Exclusive Inclusionism: Inclusive Exclusionism

A movement has been underfoot in the Independent Catholic Movement for as long as I can remember, but in more recent years it has become an anathema – exclusion in the name of inclusion. This phenomenon was born from individuals who were excluded from other religious groups for what ever reason, and were either removed or denied the ability to become part of the normative group. These excluded individuals banded together to form what is now a much more inclusive umbrella of faith expression, but is itself still severely limiting in that it, too, excludes individuals who think or act differently from the newly established norms. The problem is the breakaway groups are forming these new exclusionary inclusive groups from their own experiences of exclusion in one form or another and are perpetuating the exclusivity cycle.

But how did we get to this point? How did we move from forming inclusive groups to deal with the feelings of abandonment and exclusion to becoming a group that excludes in the name of inclusion? It all boils down to the unhealthy expression of unmet needs we experienced in our formative years of development.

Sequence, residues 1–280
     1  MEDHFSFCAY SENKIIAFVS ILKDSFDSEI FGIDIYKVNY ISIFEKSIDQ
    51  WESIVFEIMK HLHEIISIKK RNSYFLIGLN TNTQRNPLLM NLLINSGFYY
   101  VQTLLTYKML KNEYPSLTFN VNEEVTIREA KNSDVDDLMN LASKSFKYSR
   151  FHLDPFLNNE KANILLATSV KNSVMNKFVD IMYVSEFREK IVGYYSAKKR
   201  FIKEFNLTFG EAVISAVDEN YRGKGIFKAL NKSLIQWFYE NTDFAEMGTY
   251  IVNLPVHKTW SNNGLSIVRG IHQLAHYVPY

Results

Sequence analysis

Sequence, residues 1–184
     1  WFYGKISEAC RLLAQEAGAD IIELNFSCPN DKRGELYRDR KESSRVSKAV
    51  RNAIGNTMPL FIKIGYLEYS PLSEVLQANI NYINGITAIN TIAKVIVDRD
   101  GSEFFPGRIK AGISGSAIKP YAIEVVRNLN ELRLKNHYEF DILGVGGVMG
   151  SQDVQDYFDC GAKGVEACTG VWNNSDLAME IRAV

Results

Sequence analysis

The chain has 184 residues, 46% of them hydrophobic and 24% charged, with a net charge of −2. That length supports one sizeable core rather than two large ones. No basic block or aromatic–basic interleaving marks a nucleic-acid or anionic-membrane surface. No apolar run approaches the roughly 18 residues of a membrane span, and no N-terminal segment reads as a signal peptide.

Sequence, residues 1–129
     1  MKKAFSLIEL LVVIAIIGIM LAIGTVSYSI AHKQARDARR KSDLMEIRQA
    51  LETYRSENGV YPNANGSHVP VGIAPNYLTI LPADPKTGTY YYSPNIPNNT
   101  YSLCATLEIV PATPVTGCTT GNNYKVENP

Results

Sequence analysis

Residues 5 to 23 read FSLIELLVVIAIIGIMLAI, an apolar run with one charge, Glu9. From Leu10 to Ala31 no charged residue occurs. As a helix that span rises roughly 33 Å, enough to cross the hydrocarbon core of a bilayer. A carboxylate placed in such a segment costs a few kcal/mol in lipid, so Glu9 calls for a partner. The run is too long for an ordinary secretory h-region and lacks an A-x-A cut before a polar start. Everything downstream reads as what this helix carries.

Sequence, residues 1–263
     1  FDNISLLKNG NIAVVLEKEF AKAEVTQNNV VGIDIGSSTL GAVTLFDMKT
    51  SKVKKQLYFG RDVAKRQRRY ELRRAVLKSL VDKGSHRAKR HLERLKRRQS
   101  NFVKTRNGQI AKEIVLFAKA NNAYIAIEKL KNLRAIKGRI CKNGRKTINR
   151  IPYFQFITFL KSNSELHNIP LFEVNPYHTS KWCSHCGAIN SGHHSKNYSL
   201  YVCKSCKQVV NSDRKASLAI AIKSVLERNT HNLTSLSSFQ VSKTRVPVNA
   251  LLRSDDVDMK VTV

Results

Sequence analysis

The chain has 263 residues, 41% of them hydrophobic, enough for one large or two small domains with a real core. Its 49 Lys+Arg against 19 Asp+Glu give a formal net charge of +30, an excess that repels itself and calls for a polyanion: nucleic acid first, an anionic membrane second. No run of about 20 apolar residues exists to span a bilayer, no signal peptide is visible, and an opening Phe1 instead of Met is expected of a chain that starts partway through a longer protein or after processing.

The path to exclusion

We all have needs; problems arise when we have needs that are unmet. Well, that’s actually not true. For most people, unmet needs are easily dismissed due to resilience and a healthy expression of the irritation of not having needs met. Over time, however, unmet needs can begin to cause bigger and bigger problems in that if we have too many unmet needs, we can begin to feel excluded. Too many unmet needs over larger periods of time can result in unhealthy processing of emotions – especially if we never learned to work through those emotions in a healthy manner – and the projecting of our needs onto others until our needs are met. When this becomes a habit, it is virtually impossible to break without professional help.